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18

Most of the financial modeling/Mathematica books I've seen are intended to (1) provide theorical insights and Mathematica based tools to price "exotic" derivatives, and/or (2) to show how to use Mathematica to develop derivative trading strategies. Very helpful for experienced quants. Not the best way to learn about investing. Successful investing ...


17

I own a copy of Modelling Financial Derivatives with Mathematica by William Shaw. I think it was a ground-breaking book for its time. However, here are some issues you should be aware of: It was published in 1998 and is based on Mathematica version 3. We are now at 8, anticipating 9. Much of the graphics code he uses is now obsolete (eg Graphics`Graphics). ...


13

Here's a set of functions that allows to do this. The code uses many ideas found on this site and on other places on the web. It is a bit factorized already so it should be easily reusable. More on YQL and available tables here: https://developer.yahoo.com/yql https://github.com/yql Query test Here are usage examples symbol="YHOO"; ...


12

data = FinancialData["SPY", "Jan. 1, 2011"] /. {d_List, v_} :> {AbsoluteTime@d, v}; model = a x^4 + b x^3 + c x^2 + d x + e; fit = FindFit[data, model, {a, b, c, d, e}, x] modelf = Function[{x}, Evaluate[model /. fit]] Plot[modelf[x], {x, Min@data[[All, 1]], Max@data[[All, 1]]}, Epilog -> Map[Point, data]] Edit Better (tick labels showing dates) ...


11

Well, let me try to answer the OP's question. And thanks MMA.SE, for reopening this interesting question! DATA To answer this question, you have to get the data using Mathematica's FinancialData function. This was the only thing originally done by the OP! First step: define which stocks will be included in the portfolio: Portfolio = {"AAPL", "BA", ...


9

Maybe this question will be closed again. Anyway I'll try to answer the question not correcting the original code, but using a new one with some basic explanations... First of all, you can basically divide stocks in two big groups: growth stocks and value stocks. This is important, because the way you simulate growth stocks is completely different from that ...


9

I just wrote a book on financial engineering that uses Mathematica heavily. The publisher (World Scientific) says it should be available for purchase within a week or two. I have taught risk management and asset pricing and derivatives with these materials for the past few years at NYU-Poly. The point of the book is precisely to do lots of projects, the ...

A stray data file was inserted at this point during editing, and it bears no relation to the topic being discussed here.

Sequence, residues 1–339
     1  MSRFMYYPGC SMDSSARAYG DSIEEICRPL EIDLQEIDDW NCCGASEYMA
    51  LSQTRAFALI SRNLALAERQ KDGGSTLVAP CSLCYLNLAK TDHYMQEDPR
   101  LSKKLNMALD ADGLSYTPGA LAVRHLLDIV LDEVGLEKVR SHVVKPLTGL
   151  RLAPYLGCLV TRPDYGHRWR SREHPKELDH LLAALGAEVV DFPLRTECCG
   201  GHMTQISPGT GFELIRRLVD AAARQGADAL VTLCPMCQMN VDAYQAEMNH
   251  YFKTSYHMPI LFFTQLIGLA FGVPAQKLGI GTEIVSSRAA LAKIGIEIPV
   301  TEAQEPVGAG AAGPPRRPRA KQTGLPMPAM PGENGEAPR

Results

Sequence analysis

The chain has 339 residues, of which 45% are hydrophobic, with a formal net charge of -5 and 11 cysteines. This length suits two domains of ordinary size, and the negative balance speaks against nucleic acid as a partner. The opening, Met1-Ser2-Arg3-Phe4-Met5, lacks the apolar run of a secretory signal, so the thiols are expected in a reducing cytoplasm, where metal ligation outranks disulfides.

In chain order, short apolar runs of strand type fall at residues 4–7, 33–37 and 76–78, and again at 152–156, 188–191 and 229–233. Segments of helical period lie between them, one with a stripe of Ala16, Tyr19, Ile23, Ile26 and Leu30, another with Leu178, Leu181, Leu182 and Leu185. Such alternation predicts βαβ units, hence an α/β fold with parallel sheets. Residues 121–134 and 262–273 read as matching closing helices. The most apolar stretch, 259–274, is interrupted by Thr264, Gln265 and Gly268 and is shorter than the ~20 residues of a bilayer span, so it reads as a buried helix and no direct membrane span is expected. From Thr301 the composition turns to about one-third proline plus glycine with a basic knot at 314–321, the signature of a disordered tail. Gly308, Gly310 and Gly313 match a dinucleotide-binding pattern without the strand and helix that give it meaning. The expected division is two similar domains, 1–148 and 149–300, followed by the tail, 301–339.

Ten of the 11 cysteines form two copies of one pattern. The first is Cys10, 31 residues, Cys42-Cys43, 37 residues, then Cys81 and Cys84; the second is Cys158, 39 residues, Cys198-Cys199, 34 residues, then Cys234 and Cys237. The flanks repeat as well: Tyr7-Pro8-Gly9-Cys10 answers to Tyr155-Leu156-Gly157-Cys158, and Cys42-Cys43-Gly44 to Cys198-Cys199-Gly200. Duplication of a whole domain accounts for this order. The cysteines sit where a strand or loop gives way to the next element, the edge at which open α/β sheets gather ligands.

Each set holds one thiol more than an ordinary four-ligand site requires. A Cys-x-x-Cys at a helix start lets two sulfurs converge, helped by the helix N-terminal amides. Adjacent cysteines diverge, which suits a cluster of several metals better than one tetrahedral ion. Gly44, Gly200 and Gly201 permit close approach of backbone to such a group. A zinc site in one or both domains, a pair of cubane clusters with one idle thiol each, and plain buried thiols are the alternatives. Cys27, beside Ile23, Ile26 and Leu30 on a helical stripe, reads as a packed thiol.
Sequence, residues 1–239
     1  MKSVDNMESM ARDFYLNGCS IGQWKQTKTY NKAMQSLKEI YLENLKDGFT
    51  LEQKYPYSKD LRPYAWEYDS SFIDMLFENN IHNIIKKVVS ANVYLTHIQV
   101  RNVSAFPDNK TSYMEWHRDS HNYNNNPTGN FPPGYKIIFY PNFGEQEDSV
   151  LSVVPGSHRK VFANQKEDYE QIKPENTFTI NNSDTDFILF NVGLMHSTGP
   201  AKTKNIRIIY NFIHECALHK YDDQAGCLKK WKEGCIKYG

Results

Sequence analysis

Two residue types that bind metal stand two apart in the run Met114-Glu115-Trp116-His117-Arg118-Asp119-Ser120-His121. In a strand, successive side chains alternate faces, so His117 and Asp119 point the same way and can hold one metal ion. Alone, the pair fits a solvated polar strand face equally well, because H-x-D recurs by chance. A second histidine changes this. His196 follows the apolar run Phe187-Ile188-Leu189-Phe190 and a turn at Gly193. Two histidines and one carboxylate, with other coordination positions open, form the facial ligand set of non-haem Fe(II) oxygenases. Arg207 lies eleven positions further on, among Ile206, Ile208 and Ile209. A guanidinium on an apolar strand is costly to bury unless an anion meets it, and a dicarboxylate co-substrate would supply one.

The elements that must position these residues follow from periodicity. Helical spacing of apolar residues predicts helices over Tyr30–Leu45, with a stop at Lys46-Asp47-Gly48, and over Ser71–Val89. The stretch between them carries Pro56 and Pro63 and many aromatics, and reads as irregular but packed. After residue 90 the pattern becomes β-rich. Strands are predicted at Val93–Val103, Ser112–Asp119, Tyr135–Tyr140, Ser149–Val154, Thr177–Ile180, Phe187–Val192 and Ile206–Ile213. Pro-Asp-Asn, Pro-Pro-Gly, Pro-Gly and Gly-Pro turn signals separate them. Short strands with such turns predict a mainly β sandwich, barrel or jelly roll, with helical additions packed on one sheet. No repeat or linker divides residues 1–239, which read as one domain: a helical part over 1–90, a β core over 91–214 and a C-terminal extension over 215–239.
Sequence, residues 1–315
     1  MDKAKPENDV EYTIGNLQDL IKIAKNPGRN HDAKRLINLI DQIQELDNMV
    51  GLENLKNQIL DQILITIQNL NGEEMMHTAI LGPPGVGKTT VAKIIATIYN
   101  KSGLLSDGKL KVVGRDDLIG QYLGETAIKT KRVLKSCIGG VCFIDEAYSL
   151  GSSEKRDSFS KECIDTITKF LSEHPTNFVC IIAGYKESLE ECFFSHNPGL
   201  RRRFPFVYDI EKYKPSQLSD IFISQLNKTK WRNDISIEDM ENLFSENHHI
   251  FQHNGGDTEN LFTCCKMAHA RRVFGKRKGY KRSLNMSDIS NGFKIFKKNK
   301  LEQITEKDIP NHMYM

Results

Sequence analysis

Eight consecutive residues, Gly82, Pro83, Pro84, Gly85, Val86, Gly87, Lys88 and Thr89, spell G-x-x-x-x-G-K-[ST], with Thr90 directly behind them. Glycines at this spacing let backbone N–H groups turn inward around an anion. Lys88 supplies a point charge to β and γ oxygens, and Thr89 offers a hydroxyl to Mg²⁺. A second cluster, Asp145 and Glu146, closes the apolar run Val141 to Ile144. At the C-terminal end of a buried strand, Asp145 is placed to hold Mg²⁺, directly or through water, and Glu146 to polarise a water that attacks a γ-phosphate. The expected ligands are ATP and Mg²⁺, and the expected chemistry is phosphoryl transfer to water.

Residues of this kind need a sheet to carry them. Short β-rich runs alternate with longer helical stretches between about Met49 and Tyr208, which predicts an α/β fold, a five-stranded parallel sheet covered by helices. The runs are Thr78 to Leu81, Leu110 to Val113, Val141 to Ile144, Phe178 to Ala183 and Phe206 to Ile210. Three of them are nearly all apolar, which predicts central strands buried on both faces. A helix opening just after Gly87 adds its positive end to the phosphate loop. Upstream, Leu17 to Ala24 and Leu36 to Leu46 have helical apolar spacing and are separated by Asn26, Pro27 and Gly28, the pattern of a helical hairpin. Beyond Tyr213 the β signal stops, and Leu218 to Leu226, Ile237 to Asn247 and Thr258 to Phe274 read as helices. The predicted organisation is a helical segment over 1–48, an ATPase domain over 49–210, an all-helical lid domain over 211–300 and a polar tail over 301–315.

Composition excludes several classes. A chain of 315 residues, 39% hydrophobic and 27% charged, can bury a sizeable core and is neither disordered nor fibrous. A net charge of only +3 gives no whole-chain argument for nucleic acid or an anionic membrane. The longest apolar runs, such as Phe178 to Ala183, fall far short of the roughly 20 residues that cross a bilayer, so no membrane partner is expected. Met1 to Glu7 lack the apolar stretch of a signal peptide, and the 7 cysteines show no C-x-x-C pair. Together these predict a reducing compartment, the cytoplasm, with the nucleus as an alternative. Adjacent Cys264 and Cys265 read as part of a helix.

9

If one looks for curated data accessible from Mathematica, the WolframAlpha function should always be considered as an option, because it links to curated data bases with frequent continuous updating: data = WolframAlpha["^DJI price history", {{"HistoryDaily:Close:FinancialData", 1}, "TimeSeriesData"}, PodStates -> ...


9

I implemented this function using YQL: acquireOptions[stock_String, expiration_, type_] := Module[{options, list, data}, options = Cases[Import[ "http://query.yahooapis.com/v1/public/yql?q=SELECT%20*%20FROM%20yahoo.finance.option_chain%20WHERE%20symbol%3D'" <> stock <> "'%20AND%20expiration%3D'" <> expiration <> ...


8

I'm not sure if I correctly understood what you want... However, I could read in the question that you want to simulate Ito Processes and, at the same time, to be able to change its parameters, especially the processes drifts and volatilities. In the comments I've read about the processes being correlated, so, let me try to put everything together in this ...


7

Although I have found ItoProcess an excellent tool in nearly all cases, in those situations where a correlation matrix is supplied to it ItoProcess incorrectly uses the Cholesky decomposition of the correlation matrix when it should actually be using the transpose of the Cholesky. Note that I discovered this bug back in December 2012 when I was looking at ...


7

The reason might be gleaned from examining the output from TracePrint. DateDifference["Jan 2, 2013", "Jan 8, 2013", "Week"] // TracePrint (* Warning Huge Output *) Somewhere close to the end of this humongous output we see the following: DataPaclets`CalendarDataDump`n:Except[_Integer] :> N[DataPaclets`CalendarDataDump`n] 6/7 /. ...


6

I've done a lot of option pricing with MMA, but I can't relate your code to plain old Black-Scholes: d1[spot_,strike_,ir_,div_,vol_, T_] = (Log[spot/strike] + (ir-div+vol^2/2) T) / (vol T^0.5]); d2[spot_,strike_,ir_,div_,vol_, T_] = (Log[spot/strike] + (ir-div-vol^2/2) T) / (vol T^0.5]); N[z_] = (1 + Erf[z/Sqrt[2]])/2 ; (*cumulative normal density*) ...


6

For your first question you can look at the customer stories in finance and analytics. You might also be interested in the recordings from the Wolfram Finance Platform virtual workshop.


6